In the end of 1916 Antony Fokker designed a new synchronized gear without any rods at all. His idea was to move the cam directly on the gun. This gear consists of the flexible shaft connected with the end of the engine camshaft through the disengaging clutch. The opposite end of this flexible shaft connected with the cam of the trigger motor fitted to the machine gun. There were four balls in the case of the trigger motor which functioned as automatic safety device and prevented accidental discharge during engine start. This gear became standard on German air force since 1917.
4. Precision hydraulic system.
The Constantinesco gear, invented by Romanian engineer M. Constantinesco, became standard on Royal Air Force in 1917. Its action is hydraulic. A pump attached to the engine transmits impulses to a pipe-line filled with oil under pressure. A similar pump fitted to the gun responds to these impulses and fires the gun at the desired moment, so that the bullet will pass between the blades of the propeller.
All of this advanced gears generated two firing impulses per propeller revolution, so the dependence of the rate of fire on the engine speeds would be like this:
According to information received from the developers all of these features would be implemented in a future update.
*Note: Author uses a rate of fire for the Spandau of 450 rounds per minute in the explaination above. The Spandau had an adjustable rate of fire. We have set it at 650 rpm in ROF.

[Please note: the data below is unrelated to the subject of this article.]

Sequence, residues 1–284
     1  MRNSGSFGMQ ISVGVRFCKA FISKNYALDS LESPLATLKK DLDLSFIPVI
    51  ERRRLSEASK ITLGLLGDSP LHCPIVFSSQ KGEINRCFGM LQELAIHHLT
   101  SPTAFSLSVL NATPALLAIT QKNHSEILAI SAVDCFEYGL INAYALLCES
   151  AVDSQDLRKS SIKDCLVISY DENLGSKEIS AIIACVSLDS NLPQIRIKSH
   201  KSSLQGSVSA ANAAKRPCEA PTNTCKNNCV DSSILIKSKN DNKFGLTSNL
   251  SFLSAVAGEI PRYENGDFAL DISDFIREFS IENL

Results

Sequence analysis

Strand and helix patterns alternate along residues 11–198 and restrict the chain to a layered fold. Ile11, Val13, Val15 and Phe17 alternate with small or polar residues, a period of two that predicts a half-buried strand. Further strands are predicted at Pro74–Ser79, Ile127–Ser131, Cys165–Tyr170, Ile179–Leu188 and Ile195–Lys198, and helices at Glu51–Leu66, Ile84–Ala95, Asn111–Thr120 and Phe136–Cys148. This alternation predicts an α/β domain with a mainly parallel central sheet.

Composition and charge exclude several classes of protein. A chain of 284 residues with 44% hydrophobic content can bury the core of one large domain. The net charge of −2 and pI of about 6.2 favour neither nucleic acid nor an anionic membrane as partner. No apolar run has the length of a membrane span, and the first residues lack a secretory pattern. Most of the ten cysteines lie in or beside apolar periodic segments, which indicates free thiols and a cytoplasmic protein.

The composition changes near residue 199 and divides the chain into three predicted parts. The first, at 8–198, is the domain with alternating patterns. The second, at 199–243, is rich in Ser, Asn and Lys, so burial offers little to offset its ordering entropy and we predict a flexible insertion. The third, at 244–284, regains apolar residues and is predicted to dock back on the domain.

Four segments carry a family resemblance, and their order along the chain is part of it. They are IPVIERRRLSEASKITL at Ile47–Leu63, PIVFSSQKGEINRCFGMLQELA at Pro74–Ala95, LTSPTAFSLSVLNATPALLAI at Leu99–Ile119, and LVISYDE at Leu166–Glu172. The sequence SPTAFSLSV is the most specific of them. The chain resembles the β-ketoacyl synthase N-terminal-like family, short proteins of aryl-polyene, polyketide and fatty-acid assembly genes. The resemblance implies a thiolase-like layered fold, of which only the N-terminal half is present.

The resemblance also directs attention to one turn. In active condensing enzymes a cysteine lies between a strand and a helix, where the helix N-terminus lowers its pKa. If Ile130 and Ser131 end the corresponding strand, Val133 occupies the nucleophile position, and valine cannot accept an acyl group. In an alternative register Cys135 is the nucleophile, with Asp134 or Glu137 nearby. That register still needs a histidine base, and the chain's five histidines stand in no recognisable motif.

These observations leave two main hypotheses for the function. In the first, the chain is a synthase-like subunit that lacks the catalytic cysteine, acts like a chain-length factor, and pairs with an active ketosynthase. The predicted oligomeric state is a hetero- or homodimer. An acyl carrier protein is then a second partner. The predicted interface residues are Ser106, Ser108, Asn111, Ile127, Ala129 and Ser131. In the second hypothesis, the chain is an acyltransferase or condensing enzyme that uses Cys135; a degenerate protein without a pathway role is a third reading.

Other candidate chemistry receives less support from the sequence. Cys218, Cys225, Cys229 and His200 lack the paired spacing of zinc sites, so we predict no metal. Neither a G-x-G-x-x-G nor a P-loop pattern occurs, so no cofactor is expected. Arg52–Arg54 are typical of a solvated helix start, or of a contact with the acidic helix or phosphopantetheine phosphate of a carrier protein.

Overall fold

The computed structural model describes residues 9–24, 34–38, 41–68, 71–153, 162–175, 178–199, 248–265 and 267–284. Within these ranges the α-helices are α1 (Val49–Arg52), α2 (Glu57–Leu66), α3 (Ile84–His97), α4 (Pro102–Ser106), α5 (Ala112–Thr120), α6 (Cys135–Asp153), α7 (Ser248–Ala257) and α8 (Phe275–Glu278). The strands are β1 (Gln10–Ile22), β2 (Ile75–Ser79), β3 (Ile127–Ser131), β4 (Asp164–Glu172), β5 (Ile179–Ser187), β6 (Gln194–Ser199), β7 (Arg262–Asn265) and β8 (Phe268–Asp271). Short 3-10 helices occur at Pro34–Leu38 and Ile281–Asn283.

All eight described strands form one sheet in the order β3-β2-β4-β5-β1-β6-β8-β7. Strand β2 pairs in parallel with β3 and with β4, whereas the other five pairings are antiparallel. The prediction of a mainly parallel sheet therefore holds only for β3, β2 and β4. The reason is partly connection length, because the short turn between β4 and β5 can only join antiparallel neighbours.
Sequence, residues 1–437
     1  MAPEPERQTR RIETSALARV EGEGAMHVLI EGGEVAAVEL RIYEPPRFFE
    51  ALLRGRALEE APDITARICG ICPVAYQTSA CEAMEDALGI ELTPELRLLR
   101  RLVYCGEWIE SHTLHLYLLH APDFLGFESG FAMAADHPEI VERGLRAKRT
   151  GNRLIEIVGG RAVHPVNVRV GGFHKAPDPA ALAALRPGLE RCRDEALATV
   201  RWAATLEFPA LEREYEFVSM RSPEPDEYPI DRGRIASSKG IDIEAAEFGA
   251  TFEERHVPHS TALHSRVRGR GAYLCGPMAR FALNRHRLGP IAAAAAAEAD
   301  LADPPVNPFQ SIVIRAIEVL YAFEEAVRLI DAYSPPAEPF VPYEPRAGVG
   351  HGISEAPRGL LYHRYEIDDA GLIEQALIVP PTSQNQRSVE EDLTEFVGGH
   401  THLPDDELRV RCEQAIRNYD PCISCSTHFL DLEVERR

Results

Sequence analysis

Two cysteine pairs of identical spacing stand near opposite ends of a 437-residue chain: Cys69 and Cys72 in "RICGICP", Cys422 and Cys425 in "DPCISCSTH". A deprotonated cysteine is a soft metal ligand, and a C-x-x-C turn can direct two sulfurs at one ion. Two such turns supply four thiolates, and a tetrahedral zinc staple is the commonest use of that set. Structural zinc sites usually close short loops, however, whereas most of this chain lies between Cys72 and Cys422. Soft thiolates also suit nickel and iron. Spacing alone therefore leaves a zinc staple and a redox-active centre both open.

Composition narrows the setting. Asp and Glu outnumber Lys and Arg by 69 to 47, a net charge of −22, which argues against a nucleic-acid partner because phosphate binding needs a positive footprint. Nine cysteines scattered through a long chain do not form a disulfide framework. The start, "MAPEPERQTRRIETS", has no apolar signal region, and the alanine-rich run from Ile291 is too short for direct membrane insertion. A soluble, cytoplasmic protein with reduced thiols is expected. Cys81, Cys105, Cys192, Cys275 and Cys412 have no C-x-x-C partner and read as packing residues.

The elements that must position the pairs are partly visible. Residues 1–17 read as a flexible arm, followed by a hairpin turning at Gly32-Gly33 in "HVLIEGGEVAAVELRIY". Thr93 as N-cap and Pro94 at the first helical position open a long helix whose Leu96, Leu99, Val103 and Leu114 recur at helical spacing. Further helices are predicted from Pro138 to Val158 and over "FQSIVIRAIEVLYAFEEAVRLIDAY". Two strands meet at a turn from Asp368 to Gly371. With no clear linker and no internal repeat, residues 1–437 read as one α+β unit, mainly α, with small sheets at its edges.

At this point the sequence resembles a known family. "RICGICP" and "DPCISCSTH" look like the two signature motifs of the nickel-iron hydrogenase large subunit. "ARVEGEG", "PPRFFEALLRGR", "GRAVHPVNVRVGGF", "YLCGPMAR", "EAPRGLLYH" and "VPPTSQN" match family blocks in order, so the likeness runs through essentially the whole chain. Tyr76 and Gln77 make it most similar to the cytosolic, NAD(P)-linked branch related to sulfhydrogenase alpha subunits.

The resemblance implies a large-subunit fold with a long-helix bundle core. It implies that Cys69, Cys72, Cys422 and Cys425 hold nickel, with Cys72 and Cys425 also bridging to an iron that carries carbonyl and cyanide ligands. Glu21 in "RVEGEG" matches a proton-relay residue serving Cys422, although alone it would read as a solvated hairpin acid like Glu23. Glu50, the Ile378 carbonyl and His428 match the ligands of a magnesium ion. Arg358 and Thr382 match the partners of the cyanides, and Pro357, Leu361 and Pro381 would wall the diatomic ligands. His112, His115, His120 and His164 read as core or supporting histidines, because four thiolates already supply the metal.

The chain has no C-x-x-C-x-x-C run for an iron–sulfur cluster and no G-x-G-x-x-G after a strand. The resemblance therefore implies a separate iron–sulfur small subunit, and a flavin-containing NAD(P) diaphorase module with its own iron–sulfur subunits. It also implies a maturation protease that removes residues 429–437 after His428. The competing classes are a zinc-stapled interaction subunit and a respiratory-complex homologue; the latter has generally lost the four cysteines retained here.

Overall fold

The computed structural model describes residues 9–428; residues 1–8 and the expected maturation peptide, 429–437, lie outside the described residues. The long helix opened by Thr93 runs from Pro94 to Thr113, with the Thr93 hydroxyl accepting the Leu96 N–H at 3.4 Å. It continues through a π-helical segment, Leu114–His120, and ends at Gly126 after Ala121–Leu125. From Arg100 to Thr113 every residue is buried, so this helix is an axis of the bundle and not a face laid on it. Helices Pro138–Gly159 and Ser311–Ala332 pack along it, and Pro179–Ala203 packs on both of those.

This information can be downloaded from here in .pdf form.
Types of synchronizers in ROF
"Hedtke" actuator, mechanical hard link, 1 impulse per propeller cycle.
Albatros D.II late
"Semmler" actuator, mechanical hard link, 1 impulse per propeller cycle.
"Stangensteuerung" actuator, mechanical hard link, 1 impulse per propeller cycle.
"Zentralsteuerung" actuator, mechanical soft link and min. RPM limit, 2 impulses per propeller cycle.
Halberstadt CL.II 150hp
Halberstadt CL.II 180hp
"Sopwith-Kauper" actuator, mechanical hard link, 2 impulses per propeller cycle.
"Constantinesco" actuator, hydraulic link, 2 impulses per propeller cycle.
Bristol F2B Fighter (Falcon 2)
Bristol F2B Fighter (Falcon 3)
"Alkan-Hamy" actuator, mechanical hard link, 1 impulse per propeller cycle.
"Birkigt" actuator, mechanical hard link, 2 impulses per propeller cycle.
SPAD 7.C1 150hp
SPAD 7.C1 180hp
"Challenger" actuator, mechanical hard link, 2 impulses per propeller cycle.
Maximum Rates of Fire for ROF Weapons
Lewis - 550 rpm (if magazine had 550 rounds)
Vickers Mk.I - 500 rpm (1916)**
Vickers Mk.I - 750 rpm w/ Hazelton Muzzle Booster (1917-1918)
Vickers Balloon Gun - 600 rpm
Spandau 08/15 - 650 rpm
Parabellum LMG14 - 700 rpm
Becker 20mm Automatic Cannon - 300 rpm (if magazine had 300 rounds)
Davis - 3 rpm (yes just 3!)
**Note: Includes Sopwith Pup, Sopwith Triplane. Nieuport 17 and Spad 7 150hp.
Weapons Controls in ROF
The following information was prepared by LukeFF about how weapon controls work in ROF version 1.026.
One of the new features of Rise of Flight version 1.026 is the way in which guns are charged, reloaded, and fired. Each of these features is discussed below.
Recharging and reloading your guns: